How Global Currencies Work: Past, Present, and Future (Hardback)
  • How Global Currencies Work: Past, Present, and Future (Hardback)
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How Global Currencies Work: Past, Present, and Future (Hardback)

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£30.00
Hardback 272 Pages / Published: 13/10/2017
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A powerful new understanding of global currency trends, including the rise of the Chinese yuan At first glance, the modern history of the global economic system seems to support the long-held view that the leading world power's currency--the British pound, the U.S. dollar, and perhaps someday the Chinese yuan--invariably dominates international trade and finance. In How Global Currencies Work, three noted economists provide a reassessment of this history and the theories behind the conventional wisdom. Offering a new history of global finance over the past two centuries, and marshaling extensive new data to test established theories of how global currencies work, Barry Eichengreen, Arnaud Mehl, and Livia Chit?u argue for a new view, in which several national monies can share international currency status, and their importance can change rapidly. They demonstrate how changes in technology and in the structure of international trade and finance have reshaped the landscape of international currencies so that several international financial standards can coexist. They show that multiple international and reserve currencies have in fact coexisted in the pastupending the traditional view of the British pound's dominance prior to 1945 and the U.S. dollar's dominance more recently. Looking forward, the book tackles the implications of this new framework for major questions facing the future of the international monetary system, from whether the euro and the Chinese yuan might address their respective challenges and perhaps rival the dollar, to how increased currency competition might affect global financial stability.

Publisher: Princeton University Press
ISBN: 9780691177007
Number of pages: 272
Weight: 567 g
Dimensions: 235 x 152 mm


MEDIA REVIEWS
The authors conclude that the euro, in particular, will play a more consequential role in international reserves relative to the US dollar, while China's renminbi will be slower to achieve acceptance.---Ian McLennan, Spear's Magazine
How Global Currencies Work is an ambitious title that delivers fascinating analysis on the rise and fall of international currencies in the 20th century with some educated suggestions about their trajectories in the 21st.---Christopher Smart, Project Syndicate
"This book will come to be known as the one that challenged the old, winner-takes-all view of international currency competition and established the new view. Barry Eichengreen and his coauthors present thorough and telling evidence that the historical reality is that multiple currencies play consequential roles in international trade and finance--and that lock-in effects and persistence are not as strong as traditionally assumed. In short, this is a must-read for all economists interested in international macroeconomics and finance."--Richard Baldwin, Graduate Institute of International and Development Studies, Geneva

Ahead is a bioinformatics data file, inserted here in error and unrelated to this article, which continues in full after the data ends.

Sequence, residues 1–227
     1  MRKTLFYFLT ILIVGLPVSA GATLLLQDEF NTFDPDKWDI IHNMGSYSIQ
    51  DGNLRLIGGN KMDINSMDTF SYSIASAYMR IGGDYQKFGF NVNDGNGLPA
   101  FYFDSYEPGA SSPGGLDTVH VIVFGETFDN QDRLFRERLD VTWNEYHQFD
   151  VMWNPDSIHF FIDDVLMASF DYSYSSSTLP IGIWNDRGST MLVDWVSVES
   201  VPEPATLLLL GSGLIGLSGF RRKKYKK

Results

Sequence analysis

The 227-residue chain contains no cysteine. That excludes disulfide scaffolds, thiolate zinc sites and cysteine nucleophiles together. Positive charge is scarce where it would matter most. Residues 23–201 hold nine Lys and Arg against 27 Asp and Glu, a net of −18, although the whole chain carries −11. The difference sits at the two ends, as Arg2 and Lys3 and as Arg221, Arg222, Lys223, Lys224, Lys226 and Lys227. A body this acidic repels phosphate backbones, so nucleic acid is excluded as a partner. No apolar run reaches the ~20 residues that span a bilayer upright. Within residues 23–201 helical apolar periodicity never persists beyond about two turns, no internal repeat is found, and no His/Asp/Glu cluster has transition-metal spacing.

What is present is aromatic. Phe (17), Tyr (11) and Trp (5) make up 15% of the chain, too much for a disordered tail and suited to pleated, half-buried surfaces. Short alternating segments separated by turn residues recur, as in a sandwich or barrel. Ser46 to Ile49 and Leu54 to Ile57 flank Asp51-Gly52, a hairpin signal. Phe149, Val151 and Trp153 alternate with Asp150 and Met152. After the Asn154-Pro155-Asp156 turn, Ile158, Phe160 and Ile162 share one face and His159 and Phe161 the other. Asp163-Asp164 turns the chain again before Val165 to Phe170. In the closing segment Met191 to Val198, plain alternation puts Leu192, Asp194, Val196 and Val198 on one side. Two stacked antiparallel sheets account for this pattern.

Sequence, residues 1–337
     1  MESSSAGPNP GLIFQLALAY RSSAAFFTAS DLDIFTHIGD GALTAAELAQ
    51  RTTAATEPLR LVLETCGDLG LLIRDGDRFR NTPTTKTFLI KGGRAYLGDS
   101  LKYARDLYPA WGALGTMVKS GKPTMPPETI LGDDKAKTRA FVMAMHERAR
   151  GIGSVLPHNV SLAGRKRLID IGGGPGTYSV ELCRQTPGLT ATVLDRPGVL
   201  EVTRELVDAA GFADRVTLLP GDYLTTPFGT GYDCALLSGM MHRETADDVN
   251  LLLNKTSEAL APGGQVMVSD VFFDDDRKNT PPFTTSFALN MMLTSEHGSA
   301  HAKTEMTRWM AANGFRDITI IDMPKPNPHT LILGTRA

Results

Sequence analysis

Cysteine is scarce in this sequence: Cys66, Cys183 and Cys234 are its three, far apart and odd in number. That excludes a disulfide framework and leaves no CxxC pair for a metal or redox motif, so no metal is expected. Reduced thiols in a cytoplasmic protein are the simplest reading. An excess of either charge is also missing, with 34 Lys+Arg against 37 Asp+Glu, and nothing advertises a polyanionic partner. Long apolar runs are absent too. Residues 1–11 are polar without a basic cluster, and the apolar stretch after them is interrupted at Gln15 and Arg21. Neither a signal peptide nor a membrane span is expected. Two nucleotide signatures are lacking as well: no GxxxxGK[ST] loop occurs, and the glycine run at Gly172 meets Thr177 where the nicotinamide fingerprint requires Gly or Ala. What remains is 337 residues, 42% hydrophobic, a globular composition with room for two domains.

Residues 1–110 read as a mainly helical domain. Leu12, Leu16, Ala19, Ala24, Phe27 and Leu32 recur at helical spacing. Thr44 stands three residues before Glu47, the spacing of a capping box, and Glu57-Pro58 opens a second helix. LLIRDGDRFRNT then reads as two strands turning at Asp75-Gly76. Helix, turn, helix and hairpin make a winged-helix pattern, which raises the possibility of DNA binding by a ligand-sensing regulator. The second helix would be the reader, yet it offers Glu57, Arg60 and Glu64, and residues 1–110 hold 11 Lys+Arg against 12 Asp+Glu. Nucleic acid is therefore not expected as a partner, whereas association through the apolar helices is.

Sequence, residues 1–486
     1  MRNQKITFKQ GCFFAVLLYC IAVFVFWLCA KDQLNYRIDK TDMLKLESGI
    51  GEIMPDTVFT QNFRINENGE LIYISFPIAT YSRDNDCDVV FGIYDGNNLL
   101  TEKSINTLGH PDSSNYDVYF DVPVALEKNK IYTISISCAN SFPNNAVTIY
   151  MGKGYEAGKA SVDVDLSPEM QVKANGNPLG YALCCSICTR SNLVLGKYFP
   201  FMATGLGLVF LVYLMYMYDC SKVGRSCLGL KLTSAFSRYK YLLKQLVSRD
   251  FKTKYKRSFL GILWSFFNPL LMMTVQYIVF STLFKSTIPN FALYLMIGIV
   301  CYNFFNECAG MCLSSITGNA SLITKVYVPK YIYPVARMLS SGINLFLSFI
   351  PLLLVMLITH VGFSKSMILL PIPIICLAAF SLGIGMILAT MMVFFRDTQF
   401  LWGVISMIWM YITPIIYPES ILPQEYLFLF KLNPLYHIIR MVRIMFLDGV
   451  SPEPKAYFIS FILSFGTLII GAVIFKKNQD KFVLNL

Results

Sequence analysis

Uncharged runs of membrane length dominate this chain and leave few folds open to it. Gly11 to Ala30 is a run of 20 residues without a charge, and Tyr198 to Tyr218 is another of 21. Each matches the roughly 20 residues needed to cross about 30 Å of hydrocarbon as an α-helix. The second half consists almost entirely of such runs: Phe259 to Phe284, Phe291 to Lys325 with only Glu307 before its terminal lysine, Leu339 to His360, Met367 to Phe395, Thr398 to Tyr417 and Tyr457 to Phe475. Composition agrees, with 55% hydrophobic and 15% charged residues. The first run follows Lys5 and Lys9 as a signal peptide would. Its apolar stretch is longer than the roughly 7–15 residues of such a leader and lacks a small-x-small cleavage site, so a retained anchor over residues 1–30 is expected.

"Barry Eichengreen, our pre-eminent international monetary historian, and his coauthors have written a great book around the central theme that there have almost always been multiple rival international currencies and that the advantages of being the world's lead currency are not as marked as traditionally argued. The book is lucidly written, eschewing mathematical technicalities, though the background scholarship is deeply impressive. It should be read by everyone interested in the monetary history of the past two centuries."--Charles Goodhart, London School of Economics and Political Science
"This eloquent and learned book will become the standard--perhaps one should say the gold standard--for discussions of international currency regimes, and for the analysis of the uncertainties that accompany changing global leadership."--Harold James, Princeton University
"The authors put the plural back into global currencies, for good reason. As their historical but highly topical research establishes, there can be more than one global (or 'reserve') currency at any one time, as has often been the case in the modern world. This is an important corrective to the recurring oversold yen then euro then yuan will rival the dollar litany. But it is also a reminder that there is more to a stable global financial system than how many currencies there are, but how the leaders of those currencies take responsibility and interact."Adam S. Posen, President, Peterson Institute for International Economics
"Drawing on new data, this book provides a rich contextual and historical analysis of reserve currencies in the global economy. This is very welcome, indeed."--Sebastian Edwards, University of California, Los Angeles
The book gives readers an excellent introduction to the history of international reserve currencies over the past two centuries. . . . For those involved, whether at a national or international level, in government or in financial institutions, it will make compulsory reading.---Richard Parlour, Central Banking Journal

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